The following are common terms you will find throughout GitLab. For clear and consistent communication, it is important to use the correct terms.
Projects & Groups
A project is where you house your files (repository), plan your work (issues), and publish your documentation (wiki).
Groups allow you to assemble related projects together and grant members access to several projects at once. Groups can also be nested in subgroups.
Use the term members when discussing the people who are a part of a project or a group. Don't use the term users.
Users have different abilities depending on the access level they have in a particular group or project. These permission levels are defined under a set of roles. These roles include administrator, owner, master, developer, reporter, and guest.
Comments & Discussions
A comment is a written piece of text that users of GitLab can create. Comments have author and timestamp meta data. Comments can be added in a variety of contexts, such as issues, merge requests, and discussions.
A discussion is a group of 1 or more comments. A discussion can include subdiscussions. Some discussions have the special capability of being able to be resolved. Both the comments in the discussion and the discussion itself can be resolved.
Issues & Merge Requests
Issues can have endless applications. They allow you, your team, and your collaborators to share and discuss proposals before and while implementing them.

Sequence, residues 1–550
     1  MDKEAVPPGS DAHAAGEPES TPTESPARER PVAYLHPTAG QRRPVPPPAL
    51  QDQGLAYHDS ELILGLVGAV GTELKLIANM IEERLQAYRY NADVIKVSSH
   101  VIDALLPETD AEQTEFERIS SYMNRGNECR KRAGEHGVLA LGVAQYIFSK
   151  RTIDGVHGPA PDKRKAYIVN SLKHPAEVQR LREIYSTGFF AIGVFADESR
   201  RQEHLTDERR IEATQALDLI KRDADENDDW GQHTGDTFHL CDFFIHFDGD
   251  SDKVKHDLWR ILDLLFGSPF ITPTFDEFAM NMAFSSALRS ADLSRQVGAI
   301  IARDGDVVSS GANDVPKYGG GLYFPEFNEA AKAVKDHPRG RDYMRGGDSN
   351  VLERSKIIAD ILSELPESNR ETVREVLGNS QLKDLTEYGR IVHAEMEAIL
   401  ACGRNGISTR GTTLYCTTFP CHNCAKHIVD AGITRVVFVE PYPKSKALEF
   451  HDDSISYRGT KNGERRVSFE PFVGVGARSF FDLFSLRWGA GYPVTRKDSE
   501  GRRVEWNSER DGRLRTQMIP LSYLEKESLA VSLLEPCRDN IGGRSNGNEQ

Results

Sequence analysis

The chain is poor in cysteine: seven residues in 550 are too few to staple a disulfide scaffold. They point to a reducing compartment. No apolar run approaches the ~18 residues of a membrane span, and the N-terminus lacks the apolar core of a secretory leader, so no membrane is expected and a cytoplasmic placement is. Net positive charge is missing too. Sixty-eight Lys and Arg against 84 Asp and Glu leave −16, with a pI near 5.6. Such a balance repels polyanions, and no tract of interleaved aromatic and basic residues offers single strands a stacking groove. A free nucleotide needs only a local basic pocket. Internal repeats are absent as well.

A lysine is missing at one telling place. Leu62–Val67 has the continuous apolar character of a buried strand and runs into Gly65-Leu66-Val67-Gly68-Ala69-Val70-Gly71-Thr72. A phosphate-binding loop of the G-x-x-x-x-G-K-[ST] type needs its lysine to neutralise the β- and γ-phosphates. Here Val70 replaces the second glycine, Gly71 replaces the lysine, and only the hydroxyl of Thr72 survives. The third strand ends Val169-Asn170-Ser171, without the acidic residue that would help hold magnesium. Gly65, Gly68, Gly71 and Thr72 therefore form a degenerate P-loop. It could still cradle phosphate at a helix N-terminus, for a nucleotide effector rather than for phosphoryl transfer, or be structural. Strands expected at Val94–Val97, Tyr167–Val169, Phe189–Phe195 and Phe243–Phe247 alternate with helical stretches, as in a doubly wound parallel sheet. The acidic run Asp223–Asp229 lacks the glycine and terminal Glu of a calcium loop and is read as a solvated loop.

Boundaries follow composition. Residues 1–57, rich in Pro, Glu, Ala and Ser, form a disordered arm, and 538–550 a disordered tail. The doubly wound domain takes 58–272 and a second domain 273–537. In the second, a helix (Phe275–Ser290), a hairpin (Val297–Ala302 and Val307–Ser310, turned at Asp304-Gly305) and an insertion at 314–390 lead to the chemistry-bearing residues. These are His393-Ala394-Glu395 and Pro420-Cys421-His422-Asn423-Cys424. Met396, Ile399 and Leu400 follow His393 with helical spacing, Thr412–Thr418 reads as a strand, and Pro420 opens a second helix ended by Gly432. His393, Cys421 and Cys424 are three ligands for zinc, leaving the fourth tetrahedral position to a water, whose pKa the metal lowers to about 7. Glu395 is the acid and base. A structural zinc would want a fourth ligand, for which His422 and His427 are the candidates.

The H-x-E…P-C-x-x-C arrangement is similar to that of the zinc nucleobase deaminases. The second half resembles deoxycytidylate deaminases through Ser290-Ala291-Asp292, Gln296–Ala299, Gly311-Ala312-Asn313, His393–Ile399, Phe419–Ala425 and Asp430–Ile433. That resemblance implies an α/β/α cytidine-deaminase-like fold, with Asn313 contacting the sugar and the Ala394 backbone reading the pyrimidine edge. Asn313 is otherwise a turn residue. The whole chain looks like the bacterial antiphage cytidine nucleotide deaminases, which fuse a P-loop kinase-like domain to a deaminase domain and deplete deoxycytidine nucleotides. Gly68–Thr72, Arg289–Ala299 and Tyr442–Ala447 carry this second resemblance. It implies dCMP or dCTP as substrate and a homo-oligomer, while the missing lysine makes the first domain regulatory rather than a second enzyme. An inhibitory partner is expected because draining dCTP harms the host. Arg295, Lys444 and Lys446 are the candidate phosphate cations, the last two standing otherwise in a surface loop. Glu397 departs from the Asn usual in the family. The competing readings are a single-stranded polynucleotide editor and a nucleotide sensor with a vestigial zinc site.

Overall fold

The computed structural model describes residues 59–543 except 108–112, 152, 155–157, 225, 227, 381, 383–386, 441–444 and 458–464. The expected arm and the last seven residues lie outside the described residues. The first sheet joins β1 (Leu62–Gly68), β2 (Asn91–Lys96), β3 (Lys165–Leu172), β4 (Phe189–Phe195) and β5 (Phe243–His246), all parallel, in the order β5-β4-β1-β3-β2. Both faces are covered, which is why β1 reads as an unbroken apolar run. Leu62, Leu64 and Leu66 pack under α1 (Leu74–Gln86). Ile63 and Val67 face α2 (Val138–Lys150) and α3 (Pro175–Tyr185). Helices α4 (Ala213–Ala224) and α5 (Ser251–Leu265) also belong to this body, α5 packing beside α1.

Merge requests allow you to exchange changes you made to source code and collaborate with other people on the same project.
Milestones in GitLab are a way to track issues and merge requests created to achieve a broader goal in a certain period of time. Milestones allow you to organize issues and merge requests into a cohesive group, with an optional start date and an optional due date.
Activity refers to any action taken by a user that results in the creation of a system note. Commenting, resolving/opening an issue, resolving/opening a merge request, and creating/deleting a branch are all considered to be an activity.
Verbs and Adjectives
When using verbs or adjectives:
If the context clearly refers to the object, use them alone.
Example: Edit or Closed
If the context isn’t clear enough, use them with the object.
Example: Edit issue or Closed issues
Destruction buttons should be clear and always say what they are destroying.
Example: Delete page instead of just Delete
Todo: Add comprehensive list of terminology Do/Don't